06/08/2015 06:13 pm ET Updated Jun 08, 2016

Is Another Housing Price Bubble Looming?

The question is being asked with increasing frequency, and also with great anxiety. The last housing bubble led to a financial crisis followed by a recession.

Many of those commenting on the question, however, don't understand what a price bubble is. It is NOT a marked rise in prices. Sharp price increases are common, and pose no threat to the stability of the economy whereas price bubbles are rare and do pose a threat.

A price bubble is a rise in price based on the expectation that the price will rise. Sooner or later something happens to erode confidence in continued price increases, at which point the bubble bursts and prices drop. What makes it a price bubble is that the cause of the price increase is an expectation that the price will increase, which sooner or later must reverse itself.

Bubbles can only arise in markets where the stock of items is very large relative to new production. If a rise in price immediately stimulates an increase in supply, any bubble will quickly disappear. Housing meets that condition because the stock of houses is large relative to new construction, but ocean liners have an even longer production cycle than houses, and to my knowledge that industry has never been hit by a price bubble. Something else must be involved and it is quite possible that there is no single explanation.

The expectations of price increases that drove the house price bubble of 2000-2006, which led to the financial crisis, was not limited to consumers looking to buy houses. It also engulfed the lenders who financed their house purchases, and the investors here and abroad who purchased the securities that were issued against home mortgage collateral. Indeed, they were the crucial players in the bubble.

Rising home prices convert virtually all mortgage loans, even those that violate the most sacrosanct underwriting rules, into good loans. For example:

  • The borrower with an adjustable rate mortgage can't meet the new higher payment on the first rate adjustment date in two years. No problem, after two years of price increase, the house will then have enough equity to allow the lender to refinance the loan with a new lower payment.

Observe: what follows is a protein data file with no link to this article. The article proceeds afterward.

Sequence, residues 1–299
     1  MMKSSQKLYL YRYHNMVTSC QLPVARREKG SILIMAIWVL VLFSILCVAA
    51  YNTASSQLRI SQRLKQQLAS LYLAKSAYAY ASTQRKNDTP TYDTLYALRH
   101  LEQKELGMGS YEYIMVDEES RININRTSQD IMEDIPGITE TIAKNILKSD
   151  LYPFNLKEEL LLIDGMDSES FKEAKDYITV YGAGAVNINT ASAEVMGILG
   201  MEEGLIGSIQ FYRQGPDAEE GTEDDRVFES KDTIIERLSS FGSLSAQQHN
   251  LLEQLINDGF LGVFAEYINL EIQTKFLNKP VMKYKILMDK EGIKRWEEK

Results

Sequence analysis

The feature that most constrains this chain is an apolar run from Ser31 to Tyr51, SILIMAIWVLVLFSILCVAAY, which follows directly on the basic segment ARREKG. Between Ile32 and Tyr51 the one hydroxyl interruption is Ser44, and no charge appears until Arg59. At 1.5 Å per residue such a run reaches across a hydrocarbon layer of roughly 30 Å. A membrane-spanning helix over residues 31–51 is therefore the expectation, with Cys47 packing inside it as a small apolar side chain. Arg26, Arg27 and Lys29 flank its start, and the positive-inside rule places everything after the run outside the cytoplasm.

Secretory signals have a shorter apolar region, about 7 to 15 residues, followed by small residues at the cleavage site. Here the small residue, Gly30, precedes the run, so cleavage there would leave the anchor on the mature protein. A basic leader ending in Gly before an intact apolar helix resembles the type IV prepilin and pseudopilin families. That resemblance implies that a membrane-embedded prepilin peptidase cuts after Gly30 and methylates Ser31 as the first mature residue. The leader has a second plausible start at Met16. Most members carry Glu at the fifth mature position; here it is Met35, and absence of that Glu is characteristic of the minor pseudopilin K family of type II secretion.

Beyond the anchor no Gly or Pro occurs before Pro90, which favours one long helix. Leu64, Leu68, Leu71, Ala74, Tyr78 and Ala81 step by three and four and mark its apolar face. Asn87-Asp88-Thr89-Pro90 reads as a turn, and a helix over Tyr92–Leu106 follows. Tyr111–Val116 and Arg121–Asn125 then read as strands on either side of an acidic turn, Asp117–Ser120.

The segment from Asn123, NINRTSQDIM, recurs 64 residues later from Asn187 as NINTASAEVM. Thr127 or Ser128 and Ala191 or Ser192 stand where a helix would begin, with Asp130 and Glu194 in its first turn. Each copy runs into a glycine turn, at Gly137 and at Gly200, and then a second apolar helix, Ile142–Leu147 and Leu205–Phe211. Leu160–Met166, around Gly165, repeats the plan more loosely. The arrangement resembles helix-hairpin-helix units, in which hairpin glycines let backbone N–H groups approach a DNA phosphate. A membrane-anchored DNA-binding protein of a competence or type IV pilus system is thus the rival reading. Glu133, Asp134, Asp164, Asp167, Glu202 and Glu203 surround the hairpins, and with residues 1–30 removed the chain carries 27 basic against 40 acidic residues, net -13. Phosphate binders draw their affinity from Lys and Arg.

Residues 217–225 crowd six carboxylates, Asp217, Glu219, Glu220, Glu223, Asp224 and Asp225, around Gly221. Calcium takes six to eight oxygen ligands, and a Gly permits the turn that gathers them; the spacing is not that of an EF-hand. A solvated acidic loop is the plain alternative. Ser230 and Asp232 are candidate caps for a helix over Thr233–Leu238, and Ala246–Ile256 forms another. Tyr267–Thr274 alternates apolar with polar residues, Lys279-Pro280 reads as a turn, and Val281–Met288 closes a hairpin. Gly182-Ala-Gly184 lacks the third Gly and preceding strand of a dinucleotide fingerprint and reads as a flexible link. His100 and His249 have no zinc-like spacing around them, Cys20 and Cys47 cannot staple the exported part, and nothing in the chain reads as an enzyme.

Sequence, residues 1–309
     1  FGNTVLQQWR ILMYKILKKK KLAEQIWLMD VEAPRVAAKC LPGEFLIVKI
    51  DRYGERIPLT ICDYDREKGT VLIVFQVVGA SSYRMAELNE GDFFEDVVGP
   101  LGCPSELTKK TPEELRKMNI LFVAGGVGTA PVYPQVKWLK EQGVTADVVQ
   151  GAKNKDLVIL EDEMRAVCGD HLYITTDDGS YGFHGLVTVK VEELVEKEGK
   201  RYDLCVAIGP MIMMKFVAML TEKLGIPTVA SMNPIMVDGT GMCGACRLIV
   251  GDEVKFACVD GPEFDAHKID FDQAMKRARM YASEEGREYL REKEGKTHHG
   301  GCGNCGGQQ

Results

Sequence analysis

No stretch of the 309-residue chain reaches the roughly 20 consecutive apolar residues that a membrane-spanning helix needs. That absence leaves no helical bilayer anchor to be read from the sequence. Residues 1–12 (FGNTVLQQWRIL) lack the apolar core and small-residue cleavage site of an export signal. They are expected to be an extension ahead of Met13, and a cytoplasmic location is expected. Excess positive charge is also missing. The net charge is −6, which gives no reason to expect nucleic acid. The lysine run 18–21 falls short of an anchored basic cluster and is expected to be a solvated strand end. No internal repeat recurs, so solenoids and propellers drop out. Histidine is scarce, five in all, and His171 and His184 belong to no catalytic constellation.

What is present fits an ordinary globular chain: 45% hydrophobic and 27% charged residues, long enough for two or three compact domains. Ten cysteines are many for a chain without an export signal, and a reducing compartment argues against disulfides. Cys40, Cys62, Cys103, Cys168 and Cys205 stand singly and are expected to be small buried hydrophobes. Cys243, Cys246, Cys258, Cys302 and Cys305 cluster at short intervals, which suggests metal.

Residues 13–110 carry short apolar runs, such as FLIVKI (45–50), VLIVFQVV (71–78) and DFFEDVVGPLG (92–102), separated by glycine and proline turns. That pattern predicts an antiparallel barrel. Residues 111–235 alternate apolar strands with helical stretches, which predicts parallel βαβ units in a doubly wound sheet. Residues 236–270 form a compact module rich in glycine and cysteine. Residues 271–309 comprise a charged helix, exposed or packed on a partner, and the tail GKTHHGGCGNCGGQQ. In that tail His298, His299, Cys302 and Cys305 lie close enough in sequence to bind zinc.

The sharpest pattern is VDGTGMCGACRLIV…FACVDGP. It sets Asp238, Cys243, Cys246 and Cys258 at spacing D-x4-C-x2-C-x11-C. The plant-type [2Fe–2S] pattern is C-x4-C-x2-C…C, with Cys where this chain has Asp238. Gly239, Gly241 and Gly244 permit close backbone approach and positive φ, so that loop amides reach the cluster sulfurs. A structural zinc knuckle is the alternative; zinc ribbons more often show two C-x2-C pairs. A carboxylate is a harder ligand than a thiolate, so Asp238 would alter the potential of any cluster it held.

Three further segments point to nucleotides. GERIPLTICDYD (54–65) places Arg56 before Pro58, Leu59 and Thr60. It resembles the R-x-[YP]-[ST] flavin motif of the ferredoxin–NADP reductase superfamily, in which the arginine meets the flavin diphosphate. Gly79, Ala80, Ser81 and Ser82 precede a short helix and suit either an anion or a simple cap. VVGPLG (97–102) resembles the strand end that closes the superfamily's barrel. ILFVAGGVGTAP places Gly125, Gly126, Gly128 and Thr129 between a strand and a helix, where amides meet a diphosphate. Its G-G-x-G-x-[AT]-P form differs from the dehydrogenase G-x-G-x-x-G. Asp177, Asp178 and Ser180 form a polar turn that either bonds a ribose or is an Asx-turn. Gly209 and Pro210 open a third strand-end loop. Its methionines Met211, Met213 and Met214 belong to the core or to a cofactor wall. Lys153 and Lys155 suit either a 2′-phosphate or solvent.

• The borrower has no money for a down payment. No problem, after two years of five percent price increases, the borrower will have equity of more than 10 percent.
  • The borrower is a poor credit risk with a high likelihood of defaulting. No problem if he defaults, the price increases will cover the foreclosure costs and we'll get our money back.

The presumption that house prices could only rise was supported by a long record of house price increases interrupted by only occasional declines in specific areas that were moderate and short-lived. Prior to 2006, there had not been a national decline in house prices since the depression of the 1930s. The premise that this pattern would continue was entirely plausible -- so much so that it was generally accepted by regulators who did nothing to deflate the bubble. Wholesale acceptance by lenders, investors and regulators of the premise that house prices could only rise led to the bubble, which invalidated the premise when the bubble burst -- as all bubbles do.

House prices generally fell between 2006 and 2012, and have been on the rise since 2012, with the increases in some areas bringing prices above the highs reached in 2006. Reports of large price increases are now invariably accompanied by concerns about whether or not another bubble may be brewing.

My view is that we are a long way from another house price bubble. Home buyers, lenders, investors and regulators now understand that a nationwide decline in house prices is possible -- because we recently lived through one. Probably it will take another generation to forget what we learned.

Even if the lesson was forgotten tomorrow, changes that have occurred in the housing finance system as a result of the crisis and the recession would make it very difficult if not impossible for the system to support a bubble. Among the more important changes:

  • Appraisals tend to err on the low side today, rather than on the high side as was the case during the bubble.
  • Alternative documentation rules that allowed many borrowers to qualify without adequate financial capacity, are gone; full documentation is the rule.
  • The private secondary market in mortgage-backed securities, which financed most of the sub-prime mortgages written during the bubble period, collapsed during the crisis and has barely begun to recover.
In many respects, these changes went too far and made the housing finance system less effective, but they did eliminate the threat of another housing bubble. I don't expect to see another one in my lifetime.

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